Red Sea Problems Drive Schedule Reliability to Lowest Level in 15 Months

container ship arriving port
Schedule reliability is dropping and delays mounting due to Red Sea and around Africa diversions

Published Mar 4, 2024 6:23 PM by The Maritime Executive


Red Sea diversions and the disruptions to carriers’ routes are taking a significant toll on schedule reliability which is now at its lowest level in 15 months. In a new analysis of the market, Sea-Intelligence highlights that both reliability and average delays have recorded significant declines over the past two months wiping away the significant gains achieved starting in 2022 coming out of the Covid-19 pandemic and surge in container volumes.

Amidst the Red Sea crisis, global schedule reliability reviewed for more than 60 carriers and 34 trade routes, marked the second month of greater than a five percentage point decline according to Sea-Intelligence. On average they report it is now at 51.6 percent down 10 percentage points since November 2023 and the start of the crisis. It is down approximately 15 percentage points from the peak at 66.8 percent in mid-2023.

“This drop means that the January 2024 score was the lowest since September 2022,” said Alan Murphy, CEO of Sea-Intelligence. “The difference in schedule reliability between the most and least reliable carrier,” among the top 13 companies, he notes, “was the lowest since February 2023.” 

In a surprise, CMA CGM, which was the one major carrier still running some vessels through the Red Sea on a case-by-case basis in January, was the most reliable among the majors at 54.7 percent. CMA CMG’s CEO had complained in an interview with The Financial Times of the problems in its schedules saying even in the Red Sea they were being delayed waiting for naval escorts.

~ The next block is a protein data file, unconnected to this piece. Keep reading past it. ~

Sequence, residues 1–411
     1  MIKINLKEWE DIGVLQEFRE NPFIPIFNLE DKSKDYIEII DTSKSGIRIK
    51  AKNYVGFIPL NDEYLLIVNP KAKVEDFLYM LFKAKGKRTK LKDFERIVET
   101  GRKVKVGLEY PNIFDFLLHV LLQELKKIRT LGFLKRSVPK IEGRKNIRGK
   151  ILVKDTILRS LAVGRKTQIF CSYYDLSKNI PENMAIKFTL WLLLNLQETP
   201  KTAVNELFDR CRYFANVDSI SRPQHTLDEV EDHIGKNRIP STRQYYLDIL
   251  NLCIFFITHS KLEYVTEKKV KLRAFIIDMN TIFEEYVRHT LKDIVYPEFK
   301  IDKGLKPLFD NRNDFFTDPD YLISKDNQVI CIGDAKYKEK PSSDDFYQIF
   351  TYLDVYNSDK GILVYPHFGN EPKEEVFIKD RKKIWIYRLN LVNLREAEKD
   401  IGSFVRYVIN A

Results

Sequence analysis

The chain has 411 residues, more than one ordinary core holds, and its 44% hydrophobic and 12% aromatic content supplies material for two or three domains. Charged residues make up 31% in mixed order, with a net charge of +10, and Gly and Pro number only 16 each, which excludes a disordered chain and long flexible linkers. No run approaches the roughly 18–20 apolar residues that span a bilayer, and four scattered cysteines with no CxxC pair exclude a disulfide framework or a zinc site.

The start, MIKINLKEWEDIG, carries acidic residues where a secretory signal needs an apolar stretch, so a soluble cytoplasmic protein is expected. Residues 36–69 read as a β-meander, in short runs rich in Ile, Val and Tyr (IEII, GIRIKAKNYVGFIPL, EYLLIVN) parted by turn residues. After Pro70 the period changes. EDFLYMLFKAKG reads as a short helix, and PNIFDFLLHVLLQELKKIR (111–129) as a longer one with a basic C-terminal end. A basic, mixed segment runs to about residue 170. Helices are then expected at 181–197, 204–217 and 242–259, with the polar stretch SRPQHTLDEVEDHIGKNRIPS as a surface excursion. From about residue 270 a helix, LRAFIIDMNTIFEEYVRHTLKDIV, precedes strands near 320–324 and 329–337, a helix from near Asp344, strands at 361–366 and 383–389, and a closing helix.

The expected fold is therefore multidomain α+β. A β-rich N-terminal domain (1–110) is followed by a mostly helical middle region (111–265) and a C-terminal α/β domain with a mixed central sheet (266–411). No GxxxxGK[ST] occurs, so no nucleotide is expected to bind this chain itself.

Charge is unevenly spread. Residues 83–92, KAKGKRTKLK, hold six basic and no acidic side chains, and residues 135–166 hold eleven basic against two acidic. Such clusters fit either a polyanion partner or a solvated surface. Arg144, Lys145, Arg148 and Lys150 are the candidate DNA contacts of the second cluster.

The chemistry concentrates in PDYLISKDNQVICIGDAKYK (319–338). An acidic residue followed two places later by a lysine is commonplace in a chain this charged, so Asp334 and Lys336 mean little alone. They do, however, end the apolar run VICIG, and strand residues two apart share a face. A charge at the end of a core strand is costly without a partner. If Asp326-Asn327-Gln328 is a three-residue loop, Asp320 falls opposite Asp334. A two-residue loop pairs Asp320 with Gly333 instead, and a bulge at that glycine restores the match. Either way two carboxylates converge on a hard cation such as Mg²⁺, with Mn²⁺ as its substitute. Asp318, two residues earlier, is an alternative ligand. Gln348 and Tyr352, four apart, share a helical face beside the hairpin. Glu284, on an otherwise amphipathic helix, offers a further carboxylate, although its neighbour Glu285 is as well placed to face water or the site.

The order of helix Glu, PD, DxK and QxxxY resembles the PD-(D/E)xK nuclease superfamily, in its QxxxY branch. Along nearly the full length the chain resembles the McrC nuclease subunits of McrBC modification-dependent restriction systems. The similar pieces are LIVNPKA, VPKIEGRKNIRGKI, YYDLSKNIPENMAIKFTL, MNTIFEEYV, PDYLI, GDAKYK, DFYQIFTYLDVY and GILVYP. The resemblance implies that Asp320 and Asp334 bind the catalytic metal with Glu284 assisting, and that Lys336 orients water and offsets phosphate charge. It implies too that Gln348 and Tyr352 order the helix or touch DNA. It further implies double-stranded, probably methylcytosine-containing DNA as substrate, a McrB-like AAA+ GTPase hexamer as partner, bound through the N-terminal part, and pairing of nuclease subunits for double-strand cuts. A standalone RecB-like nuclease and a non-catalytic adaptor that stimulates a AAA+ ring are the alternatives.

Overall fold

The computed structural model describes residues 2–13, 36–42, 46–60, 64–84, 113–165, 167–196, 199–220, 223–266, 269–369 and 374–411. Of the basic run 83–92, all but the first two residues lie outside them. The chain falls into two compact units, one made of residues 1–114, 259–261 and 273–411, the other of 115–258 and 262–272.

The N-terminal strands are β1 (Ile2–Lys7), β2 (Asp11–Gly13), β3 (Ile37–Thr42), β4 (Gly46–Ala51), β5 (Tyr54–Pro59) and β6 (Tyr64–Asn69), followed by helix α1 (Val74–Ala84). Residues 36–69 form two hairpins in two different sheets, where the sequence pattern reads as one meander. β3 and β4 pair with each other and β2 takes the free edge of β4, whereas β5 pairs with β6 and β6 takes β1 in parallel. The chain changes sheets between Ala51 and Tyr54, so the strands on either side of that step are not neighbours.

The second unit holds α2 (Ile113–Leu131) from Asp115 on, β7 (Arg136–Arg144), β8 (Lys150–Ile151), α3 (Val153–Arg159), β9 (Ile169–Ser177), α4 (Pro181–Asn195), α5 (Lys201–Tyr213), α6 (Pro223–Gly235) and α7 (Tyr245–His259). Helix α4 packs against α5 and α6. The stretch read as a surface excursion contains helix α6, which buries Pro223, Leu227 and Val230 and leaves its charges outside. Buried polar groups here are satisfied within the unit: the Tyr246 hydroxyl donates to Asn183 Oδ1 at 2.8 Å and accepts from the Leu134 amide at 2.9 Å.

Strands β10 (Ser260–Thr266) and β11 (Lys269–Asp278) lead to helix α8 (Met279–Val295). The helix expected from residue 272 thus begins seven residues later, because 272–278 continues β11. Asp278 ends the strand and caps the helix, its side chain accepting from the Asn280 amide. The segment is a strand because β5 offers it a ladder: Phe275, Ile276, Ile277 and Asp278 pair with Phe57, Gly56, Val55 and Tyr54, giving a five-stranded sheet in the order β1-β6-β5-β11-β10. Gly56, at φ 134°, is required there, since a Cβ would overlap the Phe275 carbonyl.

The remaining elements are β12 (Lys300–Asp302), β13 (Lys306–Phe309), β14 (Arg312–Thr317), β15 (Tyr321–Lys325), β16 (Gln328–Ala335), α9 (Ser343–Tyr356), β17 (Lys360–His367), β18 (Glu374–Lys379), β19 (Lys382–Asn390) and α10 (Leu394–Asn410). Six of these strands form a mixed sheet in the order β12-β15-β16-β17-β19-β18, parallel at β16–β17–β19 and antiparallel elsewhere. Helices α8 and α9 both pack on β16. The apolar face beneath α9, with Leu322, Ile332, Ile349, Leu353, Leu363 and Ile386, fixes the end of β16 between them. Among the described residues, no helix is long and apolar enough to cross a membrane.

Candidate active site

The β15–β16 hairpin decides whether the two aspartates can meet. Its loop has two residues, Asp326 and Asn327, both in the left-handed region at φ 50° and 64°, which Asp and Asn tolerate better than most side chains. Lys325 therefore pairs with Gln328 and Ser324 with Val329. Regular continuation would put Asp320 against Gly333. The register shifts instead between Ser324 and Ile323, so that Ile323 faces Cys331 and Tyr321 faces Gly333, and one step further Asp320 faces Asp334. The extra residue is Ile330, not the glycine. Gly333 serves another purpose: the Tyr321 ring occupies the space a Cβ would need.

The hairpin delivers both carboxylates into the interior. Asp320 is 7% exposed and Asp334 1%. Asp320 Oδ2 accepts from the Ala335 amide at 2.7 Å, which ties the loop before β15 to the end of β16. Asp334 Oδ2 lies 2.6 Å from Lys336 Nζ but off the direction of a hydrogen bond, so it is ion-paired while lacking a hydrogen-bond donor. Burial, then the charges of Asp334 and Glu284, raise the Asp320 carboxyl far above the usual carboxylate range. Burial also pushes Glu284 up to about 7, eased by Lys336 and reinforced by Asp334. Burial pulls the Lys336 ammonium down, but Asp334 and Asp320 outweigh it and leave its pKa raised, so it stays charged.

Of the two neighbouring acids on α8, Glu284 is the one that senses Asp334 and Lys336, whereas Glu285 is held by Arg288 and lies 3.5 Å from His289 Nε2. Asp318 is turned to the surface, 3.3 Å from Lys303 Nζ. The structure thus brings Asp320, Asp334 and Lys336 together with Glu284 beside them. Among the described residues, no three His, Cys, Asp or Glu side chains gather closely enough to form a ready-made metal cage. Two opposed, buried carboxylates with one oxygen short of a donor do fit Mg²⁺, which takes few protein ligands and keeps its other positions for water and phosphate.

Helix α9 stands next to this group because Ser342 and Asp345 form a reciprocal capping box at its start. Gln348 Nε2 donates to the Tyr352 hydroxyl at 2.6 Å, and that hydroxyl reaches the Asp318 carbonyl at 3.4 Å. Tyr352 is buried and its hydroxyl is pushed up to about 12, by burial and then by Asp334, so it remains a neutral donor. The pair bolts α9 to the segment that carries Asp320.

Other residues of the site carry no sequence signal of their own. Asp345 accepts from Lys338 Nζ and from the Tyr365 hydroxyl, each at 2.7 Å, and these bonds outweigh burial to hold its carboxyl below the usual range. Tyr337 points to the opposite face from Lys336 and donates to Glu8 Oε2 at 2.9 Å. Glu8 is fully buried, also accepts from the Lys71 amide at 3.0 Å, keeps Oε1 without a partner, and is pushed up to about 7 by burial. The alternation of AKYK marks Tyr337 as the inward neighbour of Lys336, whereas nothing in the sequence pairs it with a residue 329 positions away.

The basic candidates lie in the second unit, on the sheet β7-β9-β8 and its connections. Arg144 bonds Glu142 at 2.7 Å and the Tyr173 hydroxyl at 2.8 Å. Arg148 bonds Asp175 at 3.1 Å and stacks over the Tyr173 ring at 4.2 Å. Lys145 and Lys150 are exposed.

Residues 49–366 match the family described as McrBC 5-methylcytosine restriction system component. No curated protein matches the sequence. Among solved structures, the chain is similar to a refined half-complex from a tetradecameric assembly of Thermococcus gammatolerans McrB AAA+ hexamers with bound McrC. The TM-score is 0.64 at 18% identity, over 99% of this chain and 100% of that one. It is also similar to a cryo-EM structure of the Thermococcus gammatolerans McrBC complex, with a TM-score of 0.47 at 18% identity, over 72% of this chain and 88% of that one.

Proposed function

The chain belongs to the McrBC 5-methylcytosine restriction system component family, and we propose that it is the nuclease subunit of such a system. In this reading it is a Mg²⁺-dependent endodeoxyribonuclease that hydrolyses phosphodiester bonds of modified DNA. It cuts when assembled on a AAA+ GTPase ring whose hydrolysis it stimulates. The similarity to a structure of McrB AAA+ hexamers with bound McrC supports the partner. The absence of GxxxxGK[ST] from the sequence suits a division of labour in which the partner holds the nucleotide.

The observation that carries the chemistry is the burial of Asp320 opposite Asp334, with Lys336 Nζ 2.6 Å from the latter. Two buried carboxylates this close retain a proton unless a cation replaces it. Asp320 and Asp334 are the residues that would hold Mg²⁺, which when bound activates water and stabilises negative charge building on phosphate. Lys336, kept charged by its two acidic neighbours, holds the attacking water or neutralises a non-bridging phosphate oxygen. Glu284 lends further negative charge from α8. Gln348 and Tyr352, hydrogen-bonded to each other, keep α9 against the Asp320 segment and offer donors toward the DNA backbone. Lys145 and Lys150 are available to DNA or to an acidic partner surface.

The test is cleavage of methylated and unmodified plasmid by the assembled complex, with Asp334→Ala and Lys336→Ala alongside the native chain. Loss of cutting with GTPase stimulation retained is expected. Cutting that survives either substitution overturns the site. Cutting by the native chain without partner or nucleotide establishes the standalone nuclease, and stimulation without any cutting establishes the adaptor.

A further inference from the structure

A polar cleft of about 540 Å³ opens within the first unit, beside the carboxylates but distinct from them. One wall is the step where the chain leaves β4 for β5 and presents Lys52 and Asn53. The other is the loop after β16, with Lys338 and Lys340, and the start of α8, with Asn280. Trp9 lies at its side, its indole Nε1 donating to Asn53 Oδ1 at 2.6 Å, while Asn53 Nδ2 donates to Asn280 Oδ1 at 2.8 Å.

Four other carriers, all Asian-based (COSCO, Evergreen, OOCL, and Wan Hai) were also above 50 percent while the biggest including MSC, Maersk, and Hapag-Lloyd were all in the mid-40 percent range. The difference between CMA CGM as the most reliable and Yang Ming as the least was just 12 percentage points.

“Because of the current Red Sea crisis, and due to significant delays on the round-of-Africa sailings, none of the top-13 carriers were able to record a month-over-month improvement in schedule reliability,” reports Murphy. “Due to the round-of-Africa sailings, the average delay for late vessel arrivals deteriorated further, increasing by 0.59 days month-over-month to 6.01 days,” says Murphy.

Some economists have projected that the delays and problems with supply chains would stabilize after a period of time as carriers began to adjust to the longer voyages and the impact evened out on their schedules. The container segment also had excess capacity going into the crisis, which many believe has also helped the carriers to respond to some of the challenges in the short term.

CMA CGM is the only one of the major carriers that said it believed the situation was stabilizing so that it could on a case-by-case basis resume some transits. This however came before today’s incident in which an MSC vessel was again targeted and had a fire due to a missile strike. Other carriers such as Maersk have recently warned customers to expect prolonged disruptions into the second quarter of 2024 or possibly beyond.